Thinking about CosmicOrrery’s post about diceless violence and the reference to this post about combat maneuvers.
Skorne’s no to-hit rolls or even damage rolls is something I didn’t realize all the implications or applications of when I wrote it. Such is design released to a larger world, I suppose… This is really leading to some interesting experimental thought-food.
For combat in our tabletop games, let’s get beyond accepting the standard outcome, being it rolling to-hit in D&D, rolling damage in Into the Odd, or straight dealing damage in Skorne. Let’s move towards player choices instead of defaulting to dice. A dilemma (outlined here by Chris) is a perfect way to do this. Then Cosmic unlocked my brain to making the combat dilemma functional. The formula is this:
“TAKE DAMAGE or TAKE THIS CONDITION?”
Who decides the condition? The attacker. Who makes the choice? The defender. Who can ask for a dilemma? Anyone! Players are encouraged to do so, Skorne can do likewise.
The damage is a flat amount as stated in the rules:
- One hit for simple weapons
- Two hits for martial weapons
- Three hits for devastating weapons
- Four hits for deadly weapons
Monsters deal damage based on how skilled they are:
- Untrained: 1 hit
- Trained: 2 hits
- Dangerous: 3 hits
- Masterful: 4 hits
- Lethal: 5 hits.
Both of these are adjusted by situational modifiers. The attacker then states how much damage they’re dealing.
Then it’s the attacker’s job to come up with a condition that A) is appealing to them and their situation, B) could be more appealing to the defender than taking damage, and C) makes sense in the fiction. Then they grin devilishly as the defender weighs the lesser of two evils.
This is how to make combat maneuvers like disarming and fighting dirty work. This is how to make scars, transformations, and mutations work as conditions that players choose to take themselves. This is how to make heavy metal scenes wear the hero pushes themselves and pushes themselves in combat, taking more and more temporary or permanent injuries and debilities instead of collapsing. “Guts, are you going to take three more damage that would take you out of the action? Or are you going to lose an arm tonight?”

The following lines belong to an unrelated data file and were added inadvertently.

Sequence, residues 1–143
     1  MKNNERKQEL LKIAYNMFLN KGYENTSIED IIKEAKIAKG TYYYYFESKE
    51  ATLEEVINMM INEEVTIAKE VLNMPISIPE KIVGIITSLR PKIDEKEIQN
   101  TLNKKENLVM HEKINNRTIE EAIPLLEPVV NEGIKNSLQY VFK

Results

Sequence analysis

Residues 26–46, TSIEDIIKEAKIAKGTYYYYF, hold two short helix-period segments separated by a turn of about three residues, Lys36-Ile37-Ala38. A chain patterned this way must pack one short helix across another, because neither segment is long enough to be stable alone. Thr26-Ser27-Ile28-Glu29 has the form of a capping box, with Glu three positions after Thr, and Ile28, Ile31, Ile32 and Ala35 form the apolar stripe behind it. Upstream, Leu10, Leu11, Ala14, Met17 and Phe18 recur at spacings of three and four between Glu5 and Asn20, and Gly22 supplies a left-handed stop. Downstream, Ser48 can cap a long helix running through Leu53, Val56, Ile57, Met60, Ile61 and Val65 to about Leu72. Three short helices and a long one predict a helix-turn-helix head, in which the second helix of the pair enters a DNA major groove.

Remember also that actions in combat happen simultaneously. You are concocting horrible choices for your foes and receiving them in the same round.
Alright, enough talk. Let’s see some examples!
Struck with a sword –> you take two damage or are disarmed.
Sand in the face –> you take two damage or are blinded for a day.
Whacked with a club –> you take two damage or take a concussive blow and will miss something important.
Maimed by a tusk –> you take three damage or your dominant arm is mangled.
Blasted with a fireball –> you take four damage or are permanently disfigured and hairless.
Hit with a chaotic spell –> you lose 1 WIL, then take one damage or take a permanent random mutation.
Clawed –> you take two damage or take a temporary random scar.
Fall from a great height –> you are taken down to zero hits or can never walk again.
Bit by a vampire –> you lose 1 STR, then take three damage or become a vampire yourself.
Torture –> you lose two hits permanently or betray your fellow renegades.
Resist your lycanthrope –> you take two damage and lose 1 WIL or transform into a werewolf.
Death Frost DOOM –> you take four damage or are encased in ice.
Enjoy making tough decisions! That’s all we’re looking to do here.
Side note: this is why poison and drowning aren’t always that interesting as dilemmas for the afflicted persons. They often require intervention…
Drowning –> take one damage or fall unconscious… and then die. Do this until you shed enough weight, are saved, or perish.
Poison –> take one damage or collapse… and then die. Do this until you get an antidote or perish.
Could you make this a dilemma?
Other side note here: Horror on the Siberian Express is now on itch for the spook season! Enjoy a Dread scenario about a monstrous missing link, Russians, and worst of all, ACADEMICS!
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